Enforcing Child Support Payments – Sanctions When You Don’t Pay Up!

Is child support enforced?

In many states, both parents have a legal duty to support their child, before and after divorce. However, when a marriage ends in divorce and children are involved, child support issues may arise. For whatever reason, whether it be out of spite, economic hardship, or ignorance of the child support order, there exists a real possibility that child support may not be timely and adequately paid. If your former spouse has failed to pay child support, there are a variety of enforcement mechanisms available to you.

Any time a former spouse has failed to pay child support, the first thing you want to do is notify the former spouse in writing as to their failure to pay. If the former spouse continues to be delinquent in their payment of child support the next step is to contact the Florida Department of Revenue at State of Florida Child Support Enforcement Website. They have numerous methods to enforce payment of court-ordered child support including the following:

Suspension of Licenses

A teaching certificate or professional license may be suspended or denied because of a delinquent child support obligation. Other licenses or registrations, like fishing, diving, and hunting licenses may also be suspended or denied because of a delinquent child support obligation. If this remedy is employed, the license may only be reinstated when the delinquency is paid, a written agreement is reached, or a court grants relief.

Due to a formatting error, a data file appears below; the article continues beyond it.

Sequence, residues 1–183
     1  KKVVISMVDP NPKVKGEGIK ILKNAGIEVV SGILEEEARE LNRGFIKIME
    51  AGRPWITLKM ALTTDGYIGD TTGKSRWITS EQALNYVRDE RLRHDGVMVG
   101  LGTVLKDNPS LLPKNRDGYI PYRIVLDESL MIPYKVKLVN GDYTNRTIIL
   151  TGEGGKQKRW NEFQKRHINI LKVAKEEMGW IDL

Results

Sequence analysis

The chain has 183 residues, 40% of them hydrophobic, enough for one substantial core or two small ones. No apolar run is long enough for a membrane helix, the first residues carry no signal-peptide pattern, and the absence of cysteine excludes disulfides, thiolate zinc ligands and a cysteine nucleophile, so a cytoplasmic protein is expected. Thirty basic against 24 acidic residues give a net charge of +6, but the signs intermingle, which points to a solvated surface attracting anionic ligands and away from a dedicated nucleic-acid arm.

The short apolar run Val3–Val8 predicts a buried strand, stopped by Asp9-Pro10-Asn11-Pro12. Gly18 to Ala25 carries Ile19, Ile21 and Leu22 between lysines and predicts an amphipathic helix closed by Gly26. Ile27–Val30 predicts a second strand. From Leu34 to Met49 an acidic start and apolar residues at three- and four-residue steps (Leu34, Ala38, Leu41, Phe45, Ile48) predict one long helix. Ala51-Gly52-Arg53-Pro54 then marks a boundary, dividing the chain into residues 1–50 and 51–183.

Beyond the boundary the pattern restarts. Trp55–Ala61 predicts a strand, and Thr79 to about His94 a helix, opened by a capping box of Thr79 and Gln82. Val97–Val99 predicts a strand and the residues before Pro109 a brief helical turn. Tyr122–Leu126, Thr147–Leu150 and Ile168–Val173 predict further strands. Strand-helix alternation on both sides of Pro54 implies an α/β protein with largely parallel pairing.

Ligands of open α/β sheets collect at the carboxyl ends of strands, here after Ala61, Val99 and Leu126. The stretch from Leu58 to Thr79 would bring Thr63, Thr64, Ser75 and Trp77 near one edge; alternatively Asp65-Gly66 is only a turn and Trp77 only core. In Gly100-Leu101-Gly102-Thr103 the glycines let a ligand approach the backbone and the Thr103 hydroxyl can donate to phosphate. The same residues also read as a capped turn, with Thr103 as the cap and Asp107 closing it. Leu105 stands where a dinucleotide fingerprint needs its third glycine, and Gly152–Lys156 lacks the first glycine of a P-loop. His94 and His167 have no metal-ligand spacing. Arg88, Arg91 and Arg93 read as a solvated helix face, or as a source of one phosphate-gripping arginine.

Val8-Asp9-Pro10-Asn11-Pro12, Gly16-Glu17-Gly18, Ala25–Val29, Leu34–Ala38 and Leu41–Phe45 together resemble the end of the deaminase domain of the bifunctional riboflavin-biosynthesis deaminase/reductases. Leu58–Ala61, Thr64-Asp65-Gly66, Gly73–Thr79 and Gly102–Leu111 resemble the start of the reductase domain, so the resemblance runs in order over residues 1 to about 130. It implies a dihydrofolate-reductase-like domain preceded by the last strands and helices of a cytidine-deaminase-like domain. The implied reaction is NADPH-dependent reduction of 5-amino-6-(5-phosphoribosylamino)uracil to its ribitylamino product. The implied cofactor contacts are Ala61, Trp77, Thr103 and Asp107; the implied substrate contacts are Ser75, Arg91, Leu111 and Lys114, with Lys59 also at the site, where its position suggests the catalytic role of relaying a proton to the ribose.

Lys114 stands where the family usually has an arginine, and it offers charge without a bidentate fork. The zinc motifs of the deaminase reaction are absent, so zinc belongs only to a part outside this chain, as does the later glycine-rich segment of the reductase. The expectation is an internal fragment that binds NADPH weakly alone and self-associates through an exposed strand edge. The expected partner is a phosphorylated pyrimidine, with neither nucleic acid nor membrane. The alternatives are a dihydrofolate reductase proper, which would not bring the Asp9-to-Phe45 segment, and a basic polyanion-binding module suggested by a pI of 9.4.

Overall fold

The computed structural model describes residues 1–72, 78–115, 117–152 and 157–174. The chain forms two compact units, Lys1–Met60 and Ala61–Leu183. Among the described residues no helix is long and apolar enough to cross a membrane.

Liens

Noncustodial parents who owe past-due support may have liens placed on their property by the Department of Revenue. If the past-due support is over $600 a lien may be placed on the obligor’s motor vehicle.

Intercept/Seize Assets

Unemployment compensation benefits may be intercepted to collect delinquent child support being enforced by the Department of Revenue. The Department may also intercept federal income tax refunds to obtain payment of past-due child support. Furthermore, a Florida lottery prize of more than $600 can be transmitted to the Department when outstanding child support is due.

Contempt of Court

If a noncustodial parent does not pay his or her support on time, it violates the court’s support order issued after the dissolution of the marriage, and a judge can find the noncustodial parent in contempt of court. The judge may require that parent to pay the money owed. If he or she still fails to pay, the noncustodial parent may go to jail.

In addition, for more direct and timely action without having to deal with the sometimes slow bureaucracy of government, you can hire an attorney and they can file a Motion for Contempt/Enforcement of Child Support Order.

For whatever course you deem appropriate, it is recommended you attain a family law case history of your matter. This will detail the terms of the child support order and the payment history for your case. To attain a family law case history, simply contact the clerk of the court for your county, ask for the family law division, and request a family law case history.

For more information about enforcing your spouse’s delinquent child support payments, contact an attorney.

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